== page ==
Bariatric Practice Guidelines

These guidelines provide suggestions for the work-up and follow-up of the bariatric patient. They are not intended to replace, and indeed cannot replace, the bariatrician’s judgment regarding a particular patient’s treatment. Neither are they intended to represent legal requirements for providing “good medical practice.” The bariatrician is the one most capable of determining what is or is not appropriate for an individual patient.

A. Initial Patient Work-Up

The course of treatment should be based on the patient’s history, physical examination, laboratory work and ECG (when indicated).

1.  History

A history of each patient should be taken and recorded. It should include an evaluation of dietary status, a weight history and a history of mental status. Whenever this is a self-fill-in, or computerized history, or one taken by assistants, the bariatrician should personally evaluate significant positive responses and make appropriate notations.

2.  Physical Examination

The physical examination should include the following:

a. Height, weight, blood pressure and pulse.

b. Additional examinations should be done which are appropriate for the patient’s age and state of health.

Usually this would include examinations of the head, neck, thyroid, heart, lungs, abdomen and extremities.

The patient’s records should indicate the status of observations made.

3.  Diagnostic Studies

a. Laboratory Work:  An “executive-type” profile including testing for thyroid function (TSH suggested) should be completed in addition to other laboratory work if indicated.

b. Electrocardiogram:  Required if there is reasonable evidence of present or past significant cardiac disease. In addition, the potential value of an ECG should be considered if coronary heart risk factors are present; e.g., hypertension, hyperglycemia, dyslipidemias or a strong family history of cardiac disease.

c. Optional Tests: Body composition using skinfolds, infrared or impedance testing may be performed asadditional testing. Other tests may be included at the discretion of the bariatrician.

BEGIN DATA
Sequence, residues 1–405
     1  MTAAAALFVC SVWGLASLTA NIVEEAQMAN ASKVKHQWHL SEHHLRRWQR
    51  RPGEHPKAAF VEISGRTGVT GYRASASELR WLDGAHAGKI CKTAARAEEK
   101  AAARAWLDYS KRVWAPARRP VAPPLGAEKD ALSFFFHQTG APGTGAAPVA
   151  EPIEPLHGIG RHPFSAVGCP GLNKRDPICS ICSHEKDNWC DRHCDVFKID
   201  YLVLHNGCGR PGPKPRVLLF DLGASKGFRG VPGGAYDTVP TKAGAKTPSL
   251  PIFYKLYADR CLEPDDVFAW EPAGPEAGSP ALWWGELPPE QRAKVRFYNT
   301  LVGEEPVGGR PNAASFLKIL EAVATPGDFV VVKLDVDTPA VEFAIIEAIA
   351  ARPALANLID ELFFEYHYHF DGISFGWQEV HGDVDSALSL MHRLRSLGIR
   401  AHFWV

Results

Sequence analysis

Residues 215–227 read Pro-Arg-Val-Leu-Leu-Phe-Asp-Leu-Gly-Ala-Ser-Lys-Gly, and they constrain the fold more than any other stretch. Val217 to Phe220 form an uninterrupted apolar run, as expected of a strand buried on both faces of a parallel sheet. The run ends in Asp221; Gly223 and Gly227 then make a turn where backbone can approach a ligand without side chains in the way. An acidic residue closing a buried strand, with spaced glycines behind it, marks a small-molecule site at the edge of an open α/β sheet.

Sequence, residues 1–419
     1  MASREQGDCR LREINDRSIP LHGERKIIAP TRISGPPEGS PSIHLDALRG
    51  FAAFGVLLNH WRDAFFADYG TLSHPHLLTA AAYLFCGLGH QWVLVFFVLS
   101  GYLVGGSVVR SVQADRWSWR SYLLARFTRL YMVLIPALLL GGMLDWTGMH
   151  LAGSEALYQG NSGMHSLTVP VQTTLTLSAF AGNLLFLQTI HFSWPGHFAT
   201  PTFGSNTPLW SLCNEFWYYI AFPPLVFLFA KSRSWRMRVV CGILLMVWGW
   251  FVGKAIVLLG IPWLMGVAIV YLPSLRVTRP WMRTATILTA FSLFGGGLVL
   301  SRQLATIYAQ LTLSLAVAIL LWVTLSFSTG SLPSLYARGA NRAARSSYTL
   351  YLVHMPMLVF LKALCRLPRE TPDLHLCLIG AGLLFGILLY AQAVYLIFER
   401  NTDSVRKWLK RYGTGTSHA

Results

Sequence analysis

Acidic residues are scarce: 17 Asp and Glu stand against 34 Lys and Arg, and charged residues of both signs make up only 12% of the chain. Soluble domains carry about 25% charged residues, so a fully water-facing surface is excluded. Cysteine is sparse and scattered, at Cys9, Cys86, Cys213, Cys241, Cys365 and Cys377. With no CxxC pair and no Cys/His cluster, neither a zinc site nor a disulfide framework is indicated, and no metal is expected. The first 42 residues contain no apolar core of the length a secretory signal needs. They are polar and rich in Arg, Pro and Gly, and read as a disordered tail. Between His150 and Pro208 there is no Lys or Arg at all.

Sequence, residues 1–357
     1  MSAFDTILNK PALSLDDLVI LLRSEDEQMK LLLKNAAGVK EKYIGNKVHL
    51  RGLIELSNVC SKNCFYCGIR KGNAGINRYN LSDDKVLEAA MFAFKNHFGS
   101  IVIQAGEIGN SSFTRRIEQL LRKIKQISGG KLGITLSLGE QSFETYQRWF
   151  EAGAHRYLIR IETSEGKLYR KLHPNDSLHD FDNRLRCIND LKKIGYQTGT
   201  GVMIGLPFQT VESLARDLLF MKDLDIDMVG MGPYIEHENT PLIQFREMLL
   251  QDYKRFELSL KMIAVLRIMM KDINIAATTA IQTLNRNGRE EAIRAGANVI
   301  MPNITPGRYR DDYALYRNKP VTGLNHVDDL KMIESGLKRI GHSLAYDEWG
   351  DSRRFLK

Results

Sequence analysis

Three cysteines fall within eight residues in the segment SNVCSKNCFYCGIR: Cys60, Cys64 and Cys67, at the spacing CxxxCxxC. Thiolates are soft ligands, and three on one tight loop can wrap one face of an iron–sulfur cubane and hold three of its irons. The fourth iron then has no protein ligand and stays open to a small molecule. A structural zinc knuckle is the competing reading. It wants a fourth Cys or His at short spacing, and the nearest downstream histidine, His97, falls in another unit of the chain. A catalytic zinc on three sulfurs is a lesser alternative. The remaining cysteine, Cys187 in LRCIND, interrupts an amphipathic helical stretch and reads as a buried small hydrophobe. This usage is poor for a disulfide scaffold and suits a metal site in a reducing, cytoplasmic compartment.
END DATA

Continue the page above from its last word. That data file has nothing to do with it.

4.  Patient Counseling

Appropriate counseling should be given to patients on proper eating habits, exercise, behavior  modification, medications and other aspects of therapy, prior to and during the weight loss program. When prior medical records can be obtained indicating any of the above procedures have recently been completed, the bariatrician may avoid unnecessary duplication by performing only those exams needed to complete the bariatric work-up.

5.  Return Visits

The bariatrician should provide adequate periodic follow-up and counseling for the patient.

B. Medications and Other Therapeutic Modalities

1. The bariatrician should weigh the potential benefits and risks of any medication or modality used.  Significant sources of such information include journal articles, experience of colleagues, labeling, textbooks, The ASBP Anorectic Usage Guidelines, and personal education, training and experience. Each of these sources may provide valuable information, and no single source should be used to the exclusion of others.

2. When appropriate, the bariatrician should provide information on the benefits and risks of the proposed treatment modalities to be used and should inquire as to the patient’s understanding of the benefits and risks.

3. When medications are dispensed, they should be packaged and labeled in accordance with applicable laws and appropriate records should be kept.

C. Maintenance

A program, as developed by the individual bariatrician, should be provided for helping the patient in maintaining the weight loss that has been achieved.